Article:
|Publication number||US4704204 A|
|Application number||US 06/858,557|
|Publication date||Nov 3, 1987|
|Filing date||Apr 24, 1986|
|Priority date||Jun 10, 1983|
|Also published as||CA1240077A, CA1240077A1, DE3421211A1|
|Publication number||06858557, 858557, US 4704204 A, US 4704204A, US-A-4704204, US4704204 A, US4704204A|
|Inventors||Joseph R. Kaelin|
|Original Assignee||Kaelin J R|
|Export Citation||BiBTeX, EndNote, RefMan|
|Patent Citations (7), Referenced by (11), Classifications (27), Legal Events (5)|
|External Links: USPTO, USPTO Assignment, Espacenet|
This application is a continuation of application Ser. No. 618,829, filed June 8, 1984, now abandoned.
The present invention relates to an installation for injecting oxygen into liquid media with at least one aerating device arranged in an aerating basin, said aeration device being used to inject oxygen or gas that contains oxygen into the liquid in this basin, as well as the use of such an installation.
The sewage treatment plants familiar up to now entail the disadvantage that a great deal of motive force is needed in order to inject oxygen or a gas containing oxygen into the sewage contained in the aerating basins.
It is the task of the present invention to create an installation in which a great deal less power is needed for each cubic meter of oxygen that is injected into the liquid contained in the aerating basin than is the case in installation familiar up to now.
In an installation of the type described in the introduction hereto this problem is solved in that the aerating system, which is connected to a liquid delivery system, is configured to take in and inject oxygen in the manner of a jet pump, and in that its flow cross-section can be varied in its gas suction area to change the oxygen injection performance.
In order to achieve the fact that the gas bubbles that are injected into the liquid can as far as is possible be prevented from rising through and escaping from the liquid that is to be aerated, it is expedient that the direction of the outflow from the aerating system be towards the bottom of the aerating basin.
In order to achieve good oxygen-injection performance, it is expedient that the diffusor portion of the aerating system pass along a conical surface line, and the conical diffusor inner portion can be displaced longways on the common longitudinal axis (15) relative to its associated conical diffusor outer portion (12) to change the flow cross-section of the diffusor. In this connection it is advantageous if the diffusor inner and/or the diffusor outer portion is/are configured as a hollow body or as hollow bodies, and each have/has a plurality of gas injection nozzles that are oriented towards the interior of the diffusor. In order to achieve intensive vortex formation in the liquid within the diffusor of the aerating system it is also expedient if the diffusor inner portion is arranged so as to be rotatable about its longitudinal axis and the gas inlet nozzles that protrude from it are on their outsides configured at least approximately as paddles such that the diffusor inner portion is made to rotate by the liquid flowing through the diffusor.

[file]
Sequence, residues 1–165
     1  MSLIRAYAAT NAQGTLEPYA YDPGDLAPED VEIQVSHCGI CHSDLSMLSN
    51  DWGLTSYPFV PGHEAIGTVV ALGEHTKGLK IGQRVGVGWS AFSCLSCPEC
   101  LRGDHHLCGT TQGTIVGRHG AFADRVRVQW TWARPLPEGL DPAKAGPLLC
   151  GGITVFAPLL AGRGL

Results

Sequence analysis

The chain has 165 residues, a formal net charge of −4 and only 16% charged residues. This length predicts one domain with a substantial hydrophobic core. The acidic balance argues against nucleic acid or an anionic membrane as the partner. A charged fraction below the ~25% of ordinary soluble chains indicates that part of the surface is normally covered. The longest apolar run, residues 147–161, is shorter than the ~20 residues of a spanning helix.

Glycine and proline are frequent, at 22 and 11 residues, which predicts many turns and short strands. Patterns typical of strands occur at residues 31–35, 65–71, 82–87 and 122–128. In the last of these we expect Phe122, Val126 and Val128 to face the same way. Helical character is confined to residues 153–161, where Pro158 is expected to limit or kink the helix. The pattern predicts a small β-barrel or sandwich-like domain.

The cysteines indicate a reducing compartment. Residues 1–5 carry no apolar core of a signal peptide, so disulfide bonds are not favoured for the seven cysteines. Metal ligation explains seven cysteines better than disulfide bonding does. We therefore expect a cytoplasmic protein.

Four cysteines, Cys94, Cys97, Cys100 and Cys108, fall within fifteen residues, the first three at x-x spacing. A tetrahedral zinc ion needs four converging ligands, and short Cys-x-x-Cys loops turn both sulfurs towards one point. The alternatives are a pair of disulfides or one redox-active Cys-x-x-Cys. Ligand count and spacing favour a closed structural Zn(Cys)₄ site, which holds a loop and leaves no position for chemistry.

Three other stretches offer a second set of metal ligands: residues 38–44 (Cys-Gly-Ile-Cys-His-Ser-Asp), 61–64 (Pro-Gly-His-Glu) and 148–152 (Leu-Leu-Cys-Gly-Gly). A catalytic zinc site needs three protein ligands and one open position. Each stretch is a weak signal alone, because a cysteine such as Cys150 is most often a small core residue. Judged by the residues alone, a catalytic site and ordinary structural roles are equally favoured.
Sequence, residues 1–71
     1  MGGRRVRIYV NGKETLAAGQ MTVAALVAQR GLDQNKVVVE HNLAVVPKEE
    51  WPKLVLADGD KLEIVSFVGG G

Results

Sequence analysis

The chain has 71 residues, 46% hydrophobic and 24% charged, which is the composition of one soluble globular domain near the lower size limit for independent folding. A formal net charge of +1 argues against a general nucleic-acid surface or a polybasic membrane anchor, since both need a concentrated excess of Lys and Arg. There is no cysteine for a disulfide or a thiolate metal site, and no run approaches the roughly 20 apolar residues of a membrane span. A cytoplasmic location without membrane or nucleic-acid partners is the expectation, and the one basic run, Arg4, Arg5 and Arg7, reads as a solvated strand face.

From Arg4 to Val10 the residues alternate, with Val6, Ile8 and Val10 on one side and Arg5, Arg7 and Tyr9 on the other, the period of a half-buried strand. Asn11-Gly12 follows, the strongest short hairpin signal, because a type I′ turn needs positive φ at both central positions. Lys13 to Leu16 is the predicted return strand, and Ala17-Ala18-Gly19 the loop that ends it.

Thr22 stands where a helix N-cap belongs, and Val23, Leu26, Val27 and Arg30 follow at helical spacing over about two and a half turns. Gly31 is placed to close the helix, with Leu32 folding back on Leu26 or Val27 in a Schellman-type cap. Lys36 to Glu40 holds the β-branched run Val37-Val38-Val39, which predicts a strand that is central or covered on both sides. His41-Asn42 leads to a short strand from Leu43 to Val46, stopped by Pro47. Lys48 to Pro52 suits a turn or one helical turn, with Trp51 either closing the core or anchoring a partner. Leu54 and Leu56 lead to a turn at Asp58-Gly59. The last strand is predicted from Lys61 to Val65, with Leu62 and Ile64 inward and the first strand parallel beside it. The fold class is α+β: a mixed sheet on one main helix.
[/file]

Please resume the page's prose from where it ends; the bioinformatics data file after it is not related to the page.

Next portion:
It is also possible that the diffusor portion of the aerating system has at least two flow deflector walls that can pivot relative to each other, of which at least one can pivot about a pivot axis that extends on the diffusor inlet side, and at least one of these flow deflector walls is provided with gas inlet nozzles that extend into the diffusor, through which, as a result of the partial vacuum that is generated in the diffusor during operation of the installation, the oxygen or the gas containing oxygen is injected into the diffusor.
If the basin is suitably configured, it can also be advantageous if the direction of outflow from the aerating system is directed upwards towards the intake opening of a surface aerating impeller and preferably a flow directing apparatus be arranged ahead of the intake opening of this impeller.
If the aerating basin is of circular plan, it can be expedient, with a view to increasing the water circulation in the basin, if at least a portion of the surface of the liquid contained in the aerating basin be covered by a circular or arc-shaped cover, in which connection the latter being installed so as to be rotatable about the vertical centre axis of the basin, its lower surface being provided with delivery paddles that extend downwards into the liquid that is to be aerated, in which connection the latter are preferably adjustable about their vertical longitudinal axes and configured such that the liquid to be aerated, contained in the aerating basin, is moved at least in its surface areas about the vertical centre axis of the basin against the outer edge of the basin. In this connection it is advantageous if the cover has injector nozzles for injecting oxygen or gas that contains oxygen into the liquid that is to be aerated, said nozzles extending into the liquid that is to be aerated, and preferably being integrated in the delivery paddles. In order to prevent coarse materials and fibres from getting hung up on the delivery paddles that are connected to the cover, when the installation is in operation, it is also expedient that the paddle entry edges extend obliquely downwards and forwards in the direction of flow of the layer of water that is moved through them during operation.